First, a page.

During the first week of local evacuations due to raging wildfires in the South Cariboo, the Interlakes Community Centre (ICC) and rodeo grounds was a hauling hub for horses and small animals, as well as an emergency food bank that helped masses of wildfire evacuees in the South Cariboo.
Helping care for the animals was an interesting task that began small and spread to include everything from donkeys to rabbits and everything in between – all done by volunteers.
ICC vice-president Craig Charleton says it all began when he was looking for a way to help the evacuees when he was approached by the Canadian Disaster Animal Response Team (CDART) volunteers to help with the “staging” of smaller animals – a place to board them temporarily for resting and preparation for further traveling to wherever they needed to go.
When the ICC realized they wanted to include the larger animals, such as horses and llamas, he says they knew they’d need to expand to include some of the other animal rescue groups, too.
“We went and we got some hay and some water, and there are a whole lot of people out here that love horses and know a whole bunch about them.”
Once the horses and donkeys began to arrive, all the volunteers just fell into the task with an endless energy and enthusiasm that didn’t go unnoticed, he explains.
Charleton says he credits most of all the helpers who formed a group called 100 Mile Haulers to organize the relief efforts and were instrumental in this project for rescuing and hauling all these animals.
While mostly on location to help with the staging, Charleton says he went along on a couple of trips with Teal River Transport owner-operator Cheri Saunders, since he was born and raised in the Interlakes area.
“She was there with her kids, and they came all the way from Armstrong. They had one of those trailers with … a little bit of living quarters … and I swear they were in there for a week. Just nonstop travelling to gather horses.”
Saunders says the 100 Mile Haulers contacted her initially, and she was pleased to join up as a driver to help transport all these animals.
Teal River Transport was among the many volunteers hauling animals from as far away as North Vancouver offering animal transport, and others offering hay and other supports, he adds.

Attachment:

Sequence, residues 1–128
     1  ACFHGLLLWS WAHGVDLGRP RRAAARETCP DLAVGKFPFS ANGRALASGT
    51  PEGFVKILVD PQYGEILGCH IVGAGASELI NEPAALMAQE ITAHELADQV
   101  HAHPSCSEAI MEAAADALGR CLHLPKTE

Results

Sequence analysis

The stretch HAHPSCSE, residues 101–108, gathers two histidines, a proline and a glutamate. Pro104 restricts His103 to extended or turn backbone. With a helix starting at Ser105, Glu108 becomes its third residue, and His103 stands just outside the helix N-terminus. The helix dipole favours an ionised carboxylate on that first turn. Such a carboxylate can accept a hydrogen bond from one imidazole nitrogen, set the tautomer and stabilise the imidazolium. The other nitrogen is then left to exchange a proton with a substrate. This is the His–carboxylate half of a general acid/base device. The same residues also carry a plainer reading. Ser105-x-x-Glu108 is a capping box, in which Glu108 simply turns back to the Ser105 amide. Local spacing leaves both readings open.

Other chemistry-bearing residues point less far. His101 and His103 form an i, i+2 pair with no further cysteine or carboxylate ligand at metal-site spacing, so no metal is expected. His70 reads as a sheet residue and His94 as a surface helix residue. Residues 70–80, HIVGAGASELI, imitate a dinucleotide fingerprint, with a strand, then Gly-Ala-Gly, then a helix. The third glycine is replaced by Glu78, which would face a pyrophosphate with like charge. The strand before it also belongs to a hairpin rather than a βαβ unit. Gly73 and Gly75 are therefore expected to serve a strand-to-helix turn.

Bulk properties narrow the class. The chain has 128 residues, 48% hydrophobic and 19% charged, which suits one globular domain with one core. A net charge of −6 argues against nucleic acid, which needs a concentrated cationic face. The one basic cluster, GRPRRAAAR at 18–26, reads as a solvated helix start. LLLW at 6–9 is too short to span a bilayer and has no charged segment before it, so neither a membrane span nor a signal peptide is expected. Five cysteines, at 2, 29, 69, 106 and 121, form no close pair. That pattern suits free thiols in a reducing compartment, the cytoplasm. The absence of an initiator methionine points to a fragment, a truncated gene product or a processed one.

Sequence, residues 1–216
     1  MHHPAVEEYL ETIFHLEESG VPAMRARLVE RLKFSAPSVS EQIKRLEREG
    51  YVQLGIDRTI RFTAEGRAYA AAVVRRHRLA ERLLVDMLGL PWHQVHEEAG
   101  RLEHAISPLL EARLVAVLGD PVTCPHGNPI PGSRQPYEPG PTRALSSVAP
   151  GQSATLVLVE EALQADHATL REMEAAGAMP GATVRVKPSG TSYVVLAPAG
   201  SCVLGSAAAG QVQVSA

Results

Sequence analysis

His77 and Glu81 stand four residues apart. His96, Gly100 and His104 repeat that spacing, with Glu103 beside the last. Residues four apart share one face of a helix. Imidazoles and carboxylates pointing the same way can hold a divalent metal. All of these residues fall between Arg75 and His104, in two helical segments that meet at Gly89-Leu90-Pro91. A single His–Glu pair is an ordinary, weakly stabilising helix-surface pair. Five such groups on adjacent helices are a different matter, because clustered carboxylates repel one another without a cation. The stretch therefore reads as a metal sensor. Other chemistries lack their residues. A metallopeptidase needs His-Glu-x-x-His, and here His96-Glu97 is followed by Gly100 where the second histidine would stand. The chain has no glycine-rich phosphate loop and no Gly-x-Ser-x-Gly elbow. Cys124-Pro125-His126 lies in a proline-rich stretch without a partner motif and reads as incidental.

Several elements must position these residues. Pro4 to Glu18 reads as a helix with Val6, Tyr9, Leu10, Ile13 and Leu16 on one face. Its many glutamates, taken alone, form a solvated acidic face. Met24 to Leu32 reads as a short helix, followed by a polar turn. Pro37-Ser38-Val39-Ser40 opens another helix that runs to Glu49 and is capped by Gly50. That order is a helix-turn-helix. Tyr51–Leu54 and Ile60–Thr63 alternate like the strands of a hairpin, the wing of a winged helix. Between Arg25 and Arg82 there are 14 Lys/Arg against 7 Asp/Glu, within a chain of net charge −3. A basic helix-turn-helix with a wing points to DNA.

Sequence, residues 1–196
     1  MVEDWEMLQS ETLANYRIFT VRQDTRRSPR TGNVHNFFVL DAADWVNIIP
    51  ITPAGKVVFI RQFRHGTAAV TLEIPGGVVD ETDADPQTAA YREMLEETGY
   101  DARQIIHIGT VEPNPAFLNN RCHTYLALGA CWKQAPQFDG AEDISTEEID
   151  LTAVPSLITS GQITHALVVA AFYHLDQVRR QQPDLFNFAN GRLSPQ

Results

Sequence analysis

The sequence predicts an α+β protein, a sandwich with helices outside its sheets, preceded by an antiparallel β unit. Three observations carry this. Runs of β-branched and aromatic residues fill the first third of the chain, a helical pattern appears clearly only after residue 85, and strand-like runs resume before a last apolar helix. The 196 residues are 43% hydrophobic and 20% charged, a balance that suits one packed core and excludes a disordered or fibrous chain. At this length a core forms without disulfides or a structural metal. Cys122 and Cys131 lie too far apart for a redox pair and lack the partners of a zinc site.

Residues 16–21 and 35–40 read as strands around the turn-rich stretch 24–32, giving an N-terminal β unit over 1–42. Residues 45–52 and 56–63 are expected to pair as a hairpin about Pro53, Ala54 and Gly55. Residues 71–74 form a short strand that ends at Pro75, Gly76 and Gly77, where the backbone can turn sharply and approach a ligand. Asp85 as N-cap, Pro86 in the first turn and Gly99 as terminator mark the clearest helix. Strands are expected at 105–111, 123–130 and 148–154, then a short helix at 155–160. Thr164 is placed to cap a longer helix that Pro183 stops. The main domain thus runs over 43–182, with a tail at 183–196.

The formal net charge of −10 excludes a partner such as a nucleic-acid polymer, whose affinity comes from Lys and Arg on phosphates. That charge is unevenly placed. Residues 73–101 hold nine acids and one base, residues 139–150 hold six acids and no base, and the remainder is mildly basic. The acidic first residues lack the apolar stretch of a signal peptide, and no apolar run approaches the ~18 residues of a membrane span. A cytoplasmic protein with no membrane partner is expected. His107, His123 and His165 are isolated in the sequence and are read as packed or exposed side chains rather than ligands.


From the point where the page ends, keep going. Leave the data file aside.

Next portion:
“There were times there were five empty trailers available to haul stuff from people all over the place. They brought us hay for the horses from Victoria – on the ferry over. It’s just kind of amazing.”
Charleton notes “Julio” was a staging donkey, and once Highway 24 closed to eastbound traffic for a short time to facilitate all traffic from the westbound evacuees, such a huge number of people stopped to try and help “rescue” the donkey (he suspects the animal was posted on social media) thinking it needed relocating.
“There were so many people panicking wanting to relocate the donkey, that it just ended up that by 12 a.m. that night, the police had to come and say ‘this is what this is… and continue on’.”
ICC member Jil Freeman was also “amazing” for her help with a lot of the organizing and permits, Charleton says, adding people were just really coming together by that point.
“I saw goods come from Kamloops to Canim Lake in like 3 1/2 hours, and I also witnessed it taking six hours to get a permit to go feed a gerbil in the 108.”
Charleton says there were so many nice people volunteering to halter and walk the horses, to brush and groom them, including Interlakes sisters, Daniela Wettstein and Valaurie Wettstein, of Wettstone Guest Ranch.
Since the rodeo grounds was built for these animals, it was “a piece of cake” to keep them all safe, organized and restful, which also helped keep the owners calm if they had missing animals found among them, he explains.
“We had people up here and they’d just be shaking– just vibrating about their horse, worried about the [perceived] danger.”
Charleton also thanks Cambria Volonte of Gaia Acres at Bridge Lake for immediate response turning out with the hoses and buckets he needed, and all the other locals who helped, some even bringing hay off their own fields.
“It was like, ‘hol-ey, this is happening’ – and then I was pretty much there 24/7, for a week.”